"When I was a student, it was Jasper Johns and Robert Rauschenberg who were clearly the most important artists," said Thomas Lawson, a painter and dean of the School of Art at CalArts. "Them and Andy Warhol. Everybody agreed that they were the ones. Now, because there are such diverse possibilities, it's much harder to say."
Of contemporary art today, two things, and maybe only two things, can be said for sure.
First, there is more of it -- made in more styles and materials, by more artists who live, work and have exhibitions in more places -- than ever before.
Second, it doesn't fit into neat categories or hierarchies. Thanks to the Internet, the ease of travel and the growth and globalization of the art market, the days of a single dominant style are long gone. Despite the proliferation of electronic media, many hip young artists devote themselves to drawing and painting or defy classification by dipping into a mixed bag of materials. The notion that an artist must live in a particular place to be successful is also a thing of the past. If there's such a thing as a prevailing trend, international eclecticism must be it.
"If you talk about local art, you sound like a Luddite," said John Baldessari, a pioneering Conceptualist who has been based in Los Angeles for decades but had his first success in Europe and is still in high demand there. With big museum shows in Germany and Belgium this fall, he's planning a retrospective at the Tate London in 2008.
To see his point and get a fix on contemporary art's big picture, consider the fall openers at Los Angeles area galleries. Painting, sculpture and photography coexist with new media, often in the work of a single citizen of the world who may be a visual storyteller, formal purist or social critic.
Among visitors from abroad, Joao Louro, a Portuguese impresario said to choose media "as a director selects the musicians for his orchestra," shows paintings and wall reliefs related to the film industry at Christopher Grimes Gallery. Henry Coombes, of Glasgow, exposes violence and domestic distress below the surface of British middle-class life in paintings, sculptures and a video at Anna Helwing. "Sea Change," an international group show, explores "ideas of three-dimensionality" in painting and sculpture at Roberts & Tilton. One artist, American painter Jimmy Baker, gives a surreal gloss to the evening news in highly refined but bizarre images drawn from popular culture.
American artists based outside L.A. also have a large presence. Tony Oursler, a New Yorker who merges video with sculpture and sound to mesmerizing effect, has dreamed up a history of space exploration in an installation at Margo Leavin. "Spaced," he calls the show, in a witty warning to visitors. Ernesto Caivano, who also lives in New York, has made up a tale about lovers reunited after a 1,000-year separation in a suite of 100 ink drawings at Richard Heller. Hung Liu, who cut her artistic teeth in China during the Cultural Revolution and lives in Oakland, has created a group of paintings based on her heritage for her L.A. debut at Walter Maciel.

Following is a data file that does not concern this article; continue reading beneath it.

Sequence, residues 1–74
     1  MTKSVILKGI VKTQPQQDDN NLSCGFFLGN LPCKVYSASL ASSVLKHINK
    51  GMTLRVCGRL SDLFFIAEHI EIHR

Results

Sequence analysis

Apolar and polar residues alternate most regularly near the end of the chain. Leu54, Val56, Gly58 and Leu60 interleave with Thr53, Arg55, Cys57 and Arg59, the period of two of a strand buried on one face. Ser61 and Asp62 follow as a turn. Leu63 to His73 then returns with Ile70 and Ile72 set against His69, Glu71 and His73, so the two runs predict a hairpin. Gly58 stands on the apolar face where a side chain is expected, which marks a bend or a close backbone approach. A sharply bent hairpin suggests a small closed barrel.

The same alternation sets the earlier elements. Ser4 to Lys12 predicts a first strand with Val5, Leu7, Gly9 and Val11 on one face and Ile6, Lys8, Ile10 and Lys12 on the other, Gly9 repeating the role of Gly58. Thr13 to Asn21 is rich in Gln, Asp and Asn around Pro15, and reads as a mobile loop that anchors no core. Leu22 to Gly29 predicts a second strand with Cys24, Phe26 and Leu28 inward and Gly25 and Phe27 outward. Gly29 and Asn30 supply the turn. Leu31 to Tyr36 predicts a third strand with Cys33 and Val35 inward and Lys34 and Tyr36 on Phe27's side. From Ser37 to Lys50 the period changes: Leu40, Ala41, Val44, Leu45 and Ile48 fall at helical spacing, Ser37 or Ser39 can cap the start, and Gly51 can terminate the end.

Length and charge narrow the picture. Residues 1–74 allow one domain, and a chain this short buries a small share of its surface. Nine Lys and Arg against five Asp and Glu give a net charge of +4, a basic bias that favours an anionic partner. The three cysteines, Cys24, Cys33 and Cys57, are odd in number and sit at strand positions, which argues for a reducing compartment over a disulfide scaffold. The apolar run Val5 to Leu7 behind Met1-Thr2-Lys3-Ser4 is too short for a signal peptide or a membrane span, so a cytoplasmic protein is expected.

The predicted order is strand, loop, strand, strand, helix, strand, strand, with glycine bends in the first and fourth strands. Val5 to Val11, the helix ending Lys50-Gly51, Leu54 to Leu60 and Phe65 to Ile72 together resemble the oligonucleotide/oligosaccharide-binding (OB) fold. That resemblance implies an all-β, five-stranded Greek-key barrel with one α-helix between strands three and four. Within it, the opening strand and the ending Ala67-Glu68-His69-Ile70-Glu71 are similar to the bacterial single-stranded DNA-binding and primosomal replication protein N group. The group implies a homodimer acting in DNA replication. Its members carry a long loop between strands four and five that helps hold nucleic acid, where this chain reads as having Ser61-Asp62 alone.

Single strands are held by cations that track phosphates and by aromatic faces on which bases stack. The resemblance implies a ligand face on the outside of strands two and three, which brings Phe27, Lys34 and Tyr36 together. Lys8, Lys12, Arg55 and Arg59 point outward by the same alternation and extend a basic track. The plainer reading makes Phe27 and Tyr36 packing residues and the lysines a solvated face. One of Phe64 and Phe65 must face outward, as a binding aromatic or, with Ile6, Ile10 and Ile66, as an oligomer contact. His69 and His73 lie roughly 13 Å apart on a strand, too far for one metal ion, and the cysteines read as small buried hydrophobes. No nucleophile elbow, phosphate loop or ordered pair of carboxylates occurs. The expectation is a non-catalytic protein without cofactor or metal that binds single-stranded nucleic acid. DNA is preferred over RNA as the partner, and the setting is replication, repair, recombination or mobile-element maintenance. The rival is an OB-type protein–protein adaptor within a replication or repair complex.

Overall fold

"Translation is part of art-making," Liu says, "whether you are working from a photograph, a sketch, an observation, whatever. You lose something in the translation, but you also liberate yourself."
As for the home team, new media luminary Jeremy Blake presents "Sodium Fox," a digital, animated film made in collaboration with Nashville poet and musician David Berman, at Honor Fraser. Blake says he was inspired by Eugene Delacroix's romantic painting "Liberty Leading the People," but his version includes strippers, tattoos, graffiti, neon lights and Wal-Marts. Conceptualist Rodney McMillian offers a huge painting of a sky, for sale by the square foot, with pieces priced according to the buyer's income level, at Susanne Vielmetter. Frohawk Two Feathers, a.k.a. Umar Rashid, spins a narrative about colonialism and imperialism in paintings and sculptures at Taylor de Cordoba. Kevin Appel explodes buildings in meticulously crafted paintings at Angles.
The mix is no less daunting at biannual exhibitions that attempt to define the zeitgeist worldwide.
In "Still Points of the Turning World," Site Santa Fe's current contemporary art roundup, guest curator Klaus Ottmann dispensed with a theme and organized side-by-side solo exhibitions by 13 artists from Poland, Norway, Germany, Spain, France and the U.S. As Laura Steward Heon, director-curator of Site Santa Fe, wrote in the catalog: "In these postmodern times, the idea that a biennial could encapsulate a tidy overview of the art of a moment or place has been abandoned as hopelessly reductive."
The 2006 California Biennial, opening today at the Orange County Museum of Art, is limited to emerging artists who live and work in the state, but nine of the 36 were born outside the U.S. Their collective vision is said to reflect "today's eclectic communities, cultures and art movements."